How to Create a Clickable Carousel of Divi Modules

Today’s post was submitted by Michelle Nunan of Divi Soup, home of the “Divi Kitchen” where she’s constantly cooking up new and useful Divi tutorials and ecourses.


Carousels are a popular website feature. They allow you to display more content without taking up extra space, and they also add an element of interactivity to your website which can encourage your visitors to engage more with your content.

There are a number of great plugins that can help displaying your content in a carousel but in this post I am going to show you how to create a clickable carousel of Divi modules using only CSS and Javascript.

This effect can be used with almost any of the standard Divi modules, or combination of modules. I am going to show you how to create this carousel using the image module, and then with the blog module as the process for this is slightly different. From there you should understand how you can create your own carousel with almost any of the standard modules.

Result

This is what you should end up with after creating a carousel with the blog module

click-carousel-result-880

You can see a live demo here showing the effect using various Divi Builder Modules.

So let’s get started.

Add a new page

We will begin by creating a carousel with the image module. Add a new page or open a page to which you want to add the carousel.

Add a new section

Add a new standard section to your page with a single column. Then open up the section settings and in the Advanced tab, add the class ds-carousel-section in the CSS Class field.

click-carousel-1

As we are going to be changing the way the section and rows display, we only want these changes applied to our carousel, therefore we add a custom class to prevent our code affecting any other elements on our site.

Then Save & Exit the section.

Now open up the row settings and in the Advanced tab, add the class ds-carousel-row in the CSS Class field. Then Save & Exit the row.

click-carousel-2

Next we are going to add an image module to our row. Click Insert Module(s) and select the Image Module from the list.

In the Content tab of the image module, click Upload An Image and either select your desired image from the media library or upload a new one.

click-carousel-3

If you want your images to open in a lightbox then select this option in the settings.

click-carousel-4

Alternatively you can add a url to open a new page when the image is clicked if you wish.

click-carousel-5

The last thing we need to do to the module is to add a class. Click on the Advanced tab and add the class ds-carousel-module in the CSS Class field. Then Save & Exit the module.

click-carousel-6

That’s one of our modules done, but we are going to need more than a single image to create the carousel. The code I will provide later in this post will display 5 images at a time, so we are going to need at least 6 images in order for our carousel buttons to have any effect and slide our content.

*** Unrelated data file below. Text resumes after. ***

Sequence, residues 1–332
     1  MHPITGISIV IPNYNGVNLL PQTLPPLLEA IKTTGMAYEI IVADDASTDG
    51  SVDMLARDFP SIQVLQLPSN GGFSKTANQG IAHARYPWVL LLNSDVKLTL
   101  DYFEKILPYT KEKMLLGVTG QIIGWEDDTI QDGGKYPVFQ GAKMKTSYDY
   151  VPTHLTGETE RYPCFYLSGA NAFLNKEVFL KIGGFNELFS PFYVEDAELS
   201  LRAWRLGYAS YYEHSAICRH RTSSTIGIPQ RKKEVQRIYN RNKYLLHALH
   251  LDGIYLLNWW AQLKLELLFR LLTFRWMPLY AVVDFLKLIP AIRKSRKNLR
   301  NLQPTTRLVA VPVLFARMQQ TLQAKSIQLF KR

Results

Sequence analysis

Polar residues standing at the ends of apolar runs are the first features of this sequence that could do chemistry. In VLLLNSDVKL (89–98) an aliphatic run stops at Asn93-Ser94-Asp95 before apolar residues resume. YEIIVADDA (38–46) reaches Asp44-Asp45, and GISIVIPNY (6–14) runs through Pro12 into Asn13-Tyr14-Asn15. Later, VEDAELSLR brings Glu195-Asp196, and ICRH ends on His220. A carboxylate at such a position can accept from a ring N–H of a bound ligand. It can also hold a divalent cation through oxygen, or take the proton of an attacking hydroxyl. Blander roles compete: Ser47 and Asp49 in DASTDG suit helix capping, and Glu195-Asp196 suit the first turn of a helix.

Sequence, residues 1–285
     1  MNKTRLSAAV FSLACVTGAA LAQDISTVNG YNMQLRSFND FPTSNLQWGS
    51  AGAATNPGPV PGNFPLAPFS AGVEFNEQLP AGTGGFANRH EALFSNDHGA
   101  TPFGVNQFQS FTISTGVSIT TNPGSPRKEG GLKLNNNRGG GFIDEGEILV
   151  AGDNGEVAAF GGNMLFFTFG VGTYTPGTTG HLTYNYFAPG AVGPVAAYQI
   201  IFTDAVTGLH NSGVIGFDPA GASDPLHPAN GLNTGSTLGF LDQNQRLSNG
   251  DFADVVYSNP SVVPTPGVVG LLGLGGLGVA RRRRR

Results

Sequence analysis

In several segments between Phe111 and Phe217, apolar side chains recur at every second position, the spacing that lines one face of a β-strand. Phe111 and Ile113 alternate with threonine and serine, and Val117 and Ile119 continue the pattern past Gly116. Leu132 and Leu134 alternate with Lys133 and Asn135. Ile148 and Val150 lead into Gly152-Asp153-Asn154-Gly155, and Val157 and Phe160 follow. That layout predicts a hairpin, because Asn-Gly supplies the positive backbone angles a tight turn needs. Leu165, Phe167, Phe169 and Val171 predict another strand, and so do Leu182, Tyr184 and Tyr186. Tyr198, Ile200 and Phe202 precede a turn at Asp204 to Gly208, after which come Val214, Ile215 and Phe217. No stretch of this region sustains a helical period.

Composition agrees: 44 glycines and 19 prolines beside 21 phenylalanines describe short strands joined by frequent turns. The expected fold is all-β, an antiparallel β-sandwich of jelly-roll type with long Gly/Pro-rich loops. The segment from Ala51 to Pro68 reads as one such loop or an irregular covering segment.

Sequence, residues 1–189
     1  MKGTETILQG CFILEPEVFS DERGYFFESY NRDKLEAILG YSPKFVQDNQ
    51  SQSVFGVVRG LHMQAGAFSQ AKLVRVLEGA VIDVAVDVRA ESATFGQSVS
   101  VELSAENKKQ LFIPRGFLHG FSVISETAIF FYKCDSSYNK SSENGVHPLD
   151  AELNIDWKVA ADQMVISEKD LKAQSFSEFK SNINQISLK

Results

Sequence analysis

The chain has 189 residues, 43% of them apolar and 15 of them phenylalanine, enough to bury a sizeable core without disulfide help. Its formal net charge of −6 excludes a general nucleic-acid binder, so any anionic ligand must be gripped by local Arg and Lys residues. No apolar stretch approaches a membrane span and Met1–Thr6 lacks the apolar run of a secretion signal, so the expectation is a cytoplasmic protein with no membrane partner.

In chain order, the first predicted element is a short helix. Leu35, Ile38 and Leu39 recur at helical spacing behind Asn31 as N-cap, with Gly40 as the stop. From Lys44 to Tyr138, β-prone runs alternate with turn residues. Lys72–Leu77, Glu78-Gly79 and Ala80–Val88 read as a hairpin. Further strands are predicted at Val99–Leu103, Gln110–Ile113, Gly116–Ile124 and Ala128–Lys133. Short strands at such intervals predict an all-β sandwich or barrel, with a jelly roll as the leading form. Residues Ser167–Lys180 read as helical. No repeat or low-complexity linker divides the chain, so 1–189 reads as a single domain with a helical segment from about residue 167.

Using Divi’s clone feature, duplicate the image module as many times as you want images to display in your carousel.

click-carousel-7

When you are done your section should look like this, with your image modules stacked in a single row.

click-carousel-8

You will need to open the settings for each module and swap out your images and the URL if you added it.

That’s the setup of the content complete, now we are going to create the navigation.

Add a new section

Add a new section directly below your image section, this time with two columns.

Open up the row settings and in the Advanced tab add the class ds-arrow-row in the CSS Class field. Then Save & Exit the row.

click-carousel-9

Add the navigation

Next, add a text module to each of the two columns in this row.

click-carousel-10

Now we need to create input fields to act as our navigation buttons. Open up the text module in the left column and in the content area, paste the following HTML:

<input id="ds-arrow-left" type="button" value="8">

click-carousel-11

Then Save & Exit the module.

Next open the text module in the right column and paste the following HTML:

<input id="ds-arrow-right" type="button" value="9">

click-carousel-12

Then Save & Exit the module.

We are giving these input fields unique IDs of ds-arrow-left and ds-arrow-right so we can both style them with CSS and target them with JavaScript to tell them what we want them to do when they are clicked.

The values of 8 and 9 refer to the double left and right arrows from the ET Modules font family.

That’s all we need to do in the builder. If you check the front end of your page now it will just be a single column of images and then two little grey buttons with 8 and 9 on them and they won’t do anything. So let’s get to the fun part, adding our code.

Add the CSS

I would advise adding the following CSS to your child theme, but if you are not using a child theme then it’s fine to add to Divi > Theme Options > General > Custom CSS and be sure to hit Save.

click-carousel-13

/*Hide the section overflow*/
.ds-carousel-section {
    width: 100%;
    overflow: hidden;
}

/*Set the row width*/
.ds-carousel-row {
    overflow: hidden;
    width: 1000vw;
    max-width: 1000vw;
}

@media all and (max-width: 1024px) {
/*Override Divi's width setting on tablets*/
    .ds-carousel-section .ds-carousel-row {
        max-width: 1000vw !important;